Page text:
SchoolsImprove parent of school aged kids across 20 yrs now & I have still never heard convincing argument for uniform – or homework btw.

  8. gasman_g

    SchoolsImprove And the alternative just fuels the fashion “arms race” in schools – even more destructive in my view. Agree on branding

  9. B4Susan

    SchoolsImprove fashion arms race happens any way. Hair, jewellery, jackets, bags. Would love to not have to challenge on uniform

  10. SchoolsImprove

    B4Susan Love the expression ‘fashion arms race; – brilliant. However, I dread the idea of my children choosing their clothes every day!

  11. B4Susan

    SchoolsImprove I grew up without a uniform. Learning to choose clothes teaches what is/is not ok. 99% wore app clothes, even in summer!

  12. cgpearcecornish

    SchoolsImprove no uniform but strict rules on clothing (e.g. no visible labels/logos/text) seems to work well in some schools.

  13. MissGemJackson

    theprimaryhead They do! We gave free £8.99 jumper & £4 book bag last year to all & the rest was carefully selected to be bought from Asda!

  14. LearnWLesley

    “rrunsworth: SchoolsImprove Those very same parents will then have to provide expensive designer clothes amid peer pressure.”
    & mobiles

  15. theprimaryhead

    lennyvalentino I do think it supports a sense of belonging, collective pride, shared identity and in some cases supports equality.

  16. theprimaryhead

    lennyvalentino but if the uniform was a polo shirt with a stencil of my face on…yes that would be a bit weird!

  17. callamb76

    SchoolsImprove my primary childs uniform blue so can be bought from supermarket.High school & the numerous PE kits often the prob

  18. lennyvalentino

    theprimaryhead Ha! Could start a new trend! I have mixed feelings re: u/form but mostly think its a headache for parents and anachronistic

  19. Schoolwear_Plus

    SchoolsImprove As SAschoolwear have shown, #SchoolUniform has many benefits for parents, pupils and teachers alike, and can be affordable.

  20. theprimaryhead

    lennyvalentino I would think that it would be more fuss/expense for parents without a uniform. It’s very much a split issue at my school.

  21. lennyvalentino

    theprimaryhead You just have to double up on clothes though – and growing kids hardly wear stuff out anyway.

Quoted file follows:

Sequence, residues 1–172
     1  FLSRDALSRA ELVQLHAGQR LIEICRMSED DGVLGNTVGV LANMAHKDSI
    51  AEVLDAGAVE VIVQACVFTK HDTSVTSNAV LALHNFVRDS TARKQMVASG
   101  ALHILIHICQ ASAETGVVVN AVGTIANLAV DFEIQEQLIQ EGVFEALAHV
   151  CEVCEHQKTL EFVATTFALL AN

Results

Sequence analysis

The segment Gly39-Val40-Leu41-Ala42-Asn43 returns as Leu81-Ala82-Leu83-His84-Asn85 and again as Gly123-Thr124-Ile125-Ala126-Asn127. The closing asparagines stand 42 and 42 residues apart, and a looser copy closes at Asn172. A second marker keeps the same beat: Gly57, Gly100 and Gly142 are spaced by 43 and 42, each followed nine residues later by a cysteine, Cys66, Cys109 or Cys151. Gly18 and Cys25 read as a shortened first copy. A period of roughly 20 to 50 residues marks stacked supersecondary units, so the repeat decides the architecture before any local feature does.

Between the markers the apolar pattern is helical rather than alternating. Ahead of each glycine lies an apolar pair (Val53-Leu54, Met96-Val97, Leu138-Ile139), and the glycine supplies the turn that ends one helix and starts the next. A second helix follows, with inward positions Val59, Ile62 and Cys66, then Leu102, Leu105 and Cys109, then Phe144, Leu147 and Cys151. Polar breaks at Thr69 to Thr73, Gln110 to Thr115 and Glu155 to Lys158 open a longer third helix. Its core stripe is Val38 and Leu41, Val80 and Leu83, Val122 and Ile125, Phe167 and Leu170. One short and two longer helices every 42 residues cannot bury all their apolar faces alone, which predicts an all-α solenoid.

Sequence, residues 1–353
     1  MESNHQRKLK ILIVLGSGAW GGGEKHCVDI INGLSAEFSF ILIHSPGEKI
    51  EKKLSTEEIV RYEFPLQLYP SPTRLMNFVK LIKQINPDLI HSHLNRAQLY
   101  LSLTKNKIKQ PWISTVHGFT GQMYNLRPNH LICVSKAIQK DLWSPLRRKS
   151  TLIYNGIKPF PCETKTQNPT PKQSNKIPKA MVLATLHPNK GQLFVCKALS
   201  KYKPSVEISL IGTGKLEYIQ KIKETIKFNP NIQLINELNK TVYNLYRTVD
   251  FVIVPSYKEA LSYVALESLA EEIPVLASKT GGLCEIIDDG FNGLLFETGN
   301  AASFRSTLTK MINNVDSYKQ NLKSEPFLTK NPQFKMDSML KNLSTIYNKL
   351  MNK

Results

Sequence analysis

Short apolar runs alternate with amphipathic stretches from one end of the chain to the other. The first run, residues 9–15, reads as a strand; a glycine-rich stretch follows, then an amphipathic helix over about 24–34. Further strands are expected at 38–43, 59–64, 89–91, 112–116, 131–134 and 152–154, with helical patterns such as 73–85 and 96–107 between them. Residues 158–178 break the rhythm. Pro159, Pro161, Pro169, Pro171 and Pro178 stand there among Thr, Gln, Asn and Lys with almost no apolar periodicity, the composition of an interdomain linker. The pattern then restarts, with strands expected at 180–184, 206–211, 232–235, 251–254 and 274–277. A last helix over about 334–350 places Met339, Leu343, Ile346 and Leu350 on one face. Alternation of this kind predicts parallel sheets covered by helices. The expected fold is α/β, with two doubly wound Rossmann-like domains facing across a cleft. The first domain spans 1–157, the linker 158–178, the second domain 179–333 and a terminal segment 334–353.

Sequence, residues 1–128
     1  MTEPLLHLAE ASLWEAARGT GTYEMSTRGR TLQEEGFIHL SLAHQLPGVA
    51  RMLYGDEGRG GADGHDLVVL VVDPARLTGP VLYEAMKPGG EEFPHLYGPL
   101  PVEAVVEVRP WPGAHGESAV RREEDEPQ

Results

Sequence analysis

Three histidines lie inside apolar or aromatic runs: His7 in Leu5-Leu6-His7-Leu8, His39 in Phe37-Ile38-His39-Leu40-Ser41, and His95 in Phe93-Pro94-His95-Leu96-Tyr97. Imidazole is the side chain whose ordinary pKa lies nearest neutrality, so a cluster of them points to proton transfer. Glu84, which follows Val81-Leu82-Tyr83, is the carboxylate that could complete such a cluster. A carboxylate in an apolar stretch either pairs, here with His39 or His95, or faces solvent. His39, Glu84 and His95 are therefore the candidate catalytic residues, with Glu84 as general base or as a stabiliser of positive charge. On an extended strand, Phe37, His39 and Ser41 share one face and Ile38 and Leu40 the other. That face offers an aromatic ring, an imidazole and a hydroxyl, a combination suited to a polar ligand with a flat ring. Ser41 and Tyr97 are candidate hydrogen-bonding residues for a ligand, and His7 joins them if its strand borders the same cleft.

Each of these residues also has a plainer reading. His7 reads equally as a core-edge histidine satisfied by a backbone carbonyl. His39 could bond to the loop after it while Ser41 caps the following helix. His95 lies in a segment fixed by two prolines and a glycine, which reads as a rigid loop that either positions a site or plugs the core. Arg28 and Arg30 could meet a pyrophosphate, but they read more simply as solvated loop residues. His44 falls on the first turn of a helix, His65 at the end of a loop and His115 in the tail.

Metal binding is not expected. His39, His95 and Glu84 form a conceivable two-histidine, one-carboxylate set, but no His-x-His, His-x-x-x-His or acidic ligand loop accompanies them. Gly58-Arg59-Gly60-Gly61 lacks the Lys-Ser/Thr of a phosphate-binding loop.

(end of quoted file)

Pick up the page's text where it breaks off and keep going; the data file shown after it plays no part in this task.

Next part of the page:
22. theprimaryhead

    lennyvalentino oh god…now I’ve got school uniform companies following me! I take it back, I hate uniforms!

  23. lennyvalentino

    theprimaryhead Really?! I must be blacklisted then! No wonder they never have the size I need in stock :-/

  24. katiecpd

    rrunsworth SchoolsImprove and will have to endure endless changes of clothes to get the right look if they’ve got girls!

  25. Cedarprimary

    MissGemJackson theprimaryhead We also hve free items to all chn for new school in Sept + also chosen items that can b bought in supermkts

  26. rrunsworth

    LearnWLesley SchoolsImprove Yup, those that have the least spend the most on such gadgets for their kids #wrongpriorities

  27. LearnWLesley

    rrunsworth SchoolsImprove agree totally – the latest blackberry phone will cost same as most of day to day uniform

  28. PeteBeaumont68

    gingerdisco99 SchoolsImprove As a teacher of 20 odd years I tend to agree with this. Students should revise for exams at home, however.

  29. gingerdisco99

    SchoolsImprove very happy with current school apart from those bits of nonsense. Now if they change name on becoming Academy….. #grrrrr

  30. rrunsworth

    katiecpd SchoolsImprove But of course girls have to keep up with celebrity fashion! It’s sooo important 🙁

  31. haylerkaren

    SchoolsImprove I work in an academy new students can be kitted out for under £100. Not all academies have expensive uniforms.

  32. suzsca

    SchoolsImprove Why don’t more councils support uniform recycling schemes to offer reasonably priced uniforms – like Rhondda Cynon Taf CBC?

  33. MissGemJackson

    Cedarprimary theprimaryhead 4 summer a dress colour that was avail. in supermarkets with a 1 yr phase in..Most bought new colour for £3!

  34. Cedarprimary

    MissGemJackson £3 that’s great – less than a lot of ready meals! Also going to run a second hand shop once we get a few months in